Hasdemir said that within the total support budget of the Ministry of Agriculture and Forestry, the most support was given to cotton producers. Hasdemir informed that cotton supports are in the first place with a share of approximately 20% in the support budget for plant production, and noted that the support amount for this year, which will satisfy cotton producers, will be announced as soon as possible.
Musa Demir, Ministry of Commerce Deputy General Manager for Exports, emphasized that the textile and ready-to-wear sectors are the driving forces in employment, production and exports. He pointed out that Turkey is one of the few countries that is both a cotton producer and textile and apparel manufacturer and that is a kind of wealth. Demir said; “We must transform into a brand thanks to these industries in which we are good around the world. There is a return to nature due to the pandemic. The address of natural in clothing is cotton. Conversion economy is important, reuse is important. Cotton is less harmful to the environment than plastic products”.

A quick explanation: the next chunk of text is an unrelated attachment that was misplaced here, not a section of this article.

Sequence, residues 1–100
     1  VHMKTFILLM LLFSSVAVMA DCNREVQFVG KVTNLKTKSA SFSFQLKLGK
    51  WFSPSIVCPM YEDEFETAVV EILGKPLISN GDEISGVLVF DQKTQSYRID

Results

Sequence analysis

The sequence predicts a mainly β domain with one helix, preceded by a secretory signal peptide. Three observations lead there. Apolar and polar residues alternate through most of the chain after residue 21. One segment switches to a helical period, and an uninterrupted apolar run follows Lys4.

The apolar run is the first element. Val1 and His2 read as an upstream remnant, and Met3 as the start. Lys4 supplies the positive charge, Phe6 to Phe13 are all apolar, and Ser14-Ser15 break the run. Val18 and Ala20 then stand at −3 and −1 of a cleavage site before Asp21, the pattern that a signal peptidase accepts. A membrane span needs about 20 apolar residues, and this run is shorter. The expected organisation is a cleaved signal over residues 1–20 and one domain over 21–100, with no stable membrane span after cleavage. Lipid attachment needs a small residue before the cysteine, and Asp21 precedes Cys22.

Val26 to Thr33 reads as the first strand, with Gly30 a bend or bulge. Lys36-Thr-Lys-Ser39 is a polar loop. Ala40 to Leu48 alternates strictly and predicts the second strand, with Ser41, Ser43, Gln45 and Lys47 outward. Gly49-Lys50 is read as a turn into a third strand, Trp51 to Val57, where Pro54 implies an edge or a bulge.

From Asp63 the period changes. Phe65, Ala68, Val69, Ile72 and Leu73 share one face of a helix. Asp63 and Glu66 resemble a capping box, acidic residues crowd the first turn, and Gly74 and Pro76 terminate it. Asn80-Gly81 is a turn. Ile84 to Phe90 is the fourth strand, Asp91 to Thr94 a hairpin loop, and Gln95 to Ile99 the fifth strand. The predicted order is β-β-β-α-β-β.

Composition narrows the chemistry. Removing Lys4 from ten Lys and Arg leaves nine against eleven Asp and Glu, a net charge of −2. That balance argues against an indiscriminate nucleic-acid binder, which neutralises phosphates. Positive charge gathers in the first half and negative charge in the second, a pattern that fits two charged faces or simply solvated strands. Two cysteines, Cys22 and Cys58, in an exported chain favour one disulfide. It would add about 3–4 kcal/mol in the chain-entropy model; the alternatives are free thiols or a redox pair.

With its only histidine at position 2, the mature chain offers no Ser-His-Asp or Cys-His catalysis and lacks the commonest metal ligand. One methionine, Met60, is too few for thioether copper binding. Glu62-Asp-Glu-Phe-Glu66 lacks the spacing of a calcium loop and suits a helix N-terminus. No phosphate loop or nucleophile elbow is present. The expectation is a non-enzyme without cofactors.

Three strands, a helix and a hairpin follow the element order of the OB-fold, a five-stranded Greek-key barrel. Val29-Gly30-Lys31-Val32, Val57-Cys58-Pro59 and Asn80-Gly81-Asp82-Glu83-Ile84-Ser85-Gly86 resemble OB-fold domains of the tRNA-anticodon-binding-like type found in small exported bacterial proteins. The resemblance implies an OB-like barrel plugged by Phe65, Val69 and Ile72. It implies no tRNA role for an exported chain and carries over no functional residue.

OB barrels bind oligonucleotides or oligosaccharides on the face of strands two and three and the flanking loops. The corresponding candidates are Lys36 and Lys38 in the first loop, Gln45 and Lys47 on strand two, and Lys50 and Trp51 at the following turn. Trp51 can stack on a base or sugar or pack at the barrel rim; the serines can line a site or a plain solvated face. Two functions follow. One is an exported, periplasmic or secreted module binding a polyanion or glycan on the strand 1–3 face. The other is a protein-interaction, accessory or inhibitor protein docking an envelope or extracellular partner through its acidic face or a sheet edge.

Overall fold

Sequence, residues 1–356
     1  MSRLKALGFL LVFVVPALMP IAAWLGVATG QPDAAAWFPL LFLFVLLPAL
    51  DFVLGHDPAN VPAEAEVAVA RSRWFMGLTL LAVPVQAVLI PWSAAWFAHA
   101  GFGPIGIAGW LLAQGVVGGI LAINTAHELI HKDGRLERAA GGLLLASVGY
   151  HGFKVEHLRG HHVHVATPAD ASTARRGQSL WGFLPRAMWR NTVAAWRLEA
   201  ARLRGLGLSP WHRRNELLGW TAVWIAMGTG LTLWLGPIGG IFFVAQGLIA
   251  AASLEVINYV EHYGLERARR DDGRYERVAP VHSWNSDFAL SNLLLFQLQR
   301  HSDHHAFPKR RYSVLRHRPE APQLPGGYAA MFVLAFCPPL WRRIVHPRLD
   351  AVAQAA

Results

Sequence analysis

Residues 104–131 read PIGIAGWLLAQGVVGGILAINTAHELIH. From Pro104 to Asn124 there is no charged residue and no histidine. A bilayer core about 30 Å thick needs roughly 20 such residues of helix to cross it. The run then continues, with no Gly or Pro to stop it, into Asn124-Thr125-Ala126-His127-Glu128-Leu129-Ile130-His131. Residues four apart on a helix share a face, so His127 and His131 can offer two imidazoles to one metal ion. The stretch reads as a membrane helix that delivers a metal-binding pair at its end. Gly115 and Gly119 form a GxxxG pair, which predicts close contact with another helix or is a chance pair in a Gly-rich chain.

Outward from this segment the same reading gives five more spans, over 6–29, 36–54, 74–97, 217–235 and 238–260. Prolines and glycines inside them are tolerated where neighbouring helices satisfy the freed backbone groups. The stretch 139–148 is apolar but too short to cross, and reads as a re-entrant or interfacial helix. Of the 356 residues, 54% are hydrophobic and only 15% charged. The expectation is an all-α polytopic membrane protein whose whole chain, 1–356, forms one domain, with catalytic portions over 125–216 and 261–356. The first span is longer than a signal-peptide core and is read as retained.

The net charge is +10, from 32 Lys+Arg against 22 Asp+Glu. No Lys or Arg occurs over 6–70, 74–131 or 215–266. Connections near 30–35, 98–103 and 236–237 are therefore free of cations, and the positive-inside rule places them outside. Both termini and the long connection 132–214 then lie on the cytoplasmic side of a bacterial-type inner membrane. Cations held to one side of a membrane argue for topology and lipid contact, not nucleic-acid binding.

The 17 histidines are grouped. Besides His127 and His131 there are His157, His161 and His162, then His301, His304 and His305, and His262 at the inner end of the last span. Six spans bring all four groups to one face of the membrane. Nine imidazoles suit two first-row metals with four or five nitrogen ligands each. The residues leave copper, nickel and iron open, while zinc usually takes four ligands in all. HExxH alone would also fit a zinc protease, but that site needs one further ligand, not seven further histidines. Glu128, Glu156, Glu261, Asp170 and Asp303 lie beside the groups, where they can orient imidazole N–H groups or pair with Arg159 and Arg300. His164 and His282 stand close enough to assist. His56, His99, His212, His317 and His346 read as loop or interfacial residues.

Delayed support does not help
Defining Anatolia as an ancient cotton geography, National Cotton Council President Bertan Balçık underlined that these soils are extremely fertile for cotton production. Emphasizing that as of 2019, Turkey is using 1.54 percent of world cotton area, which performs the 3.14 percent of world production, Balçık stated that although cotton is the product with the highest field efficiency, producers receive less support than other cotton producing countries. Balçık said;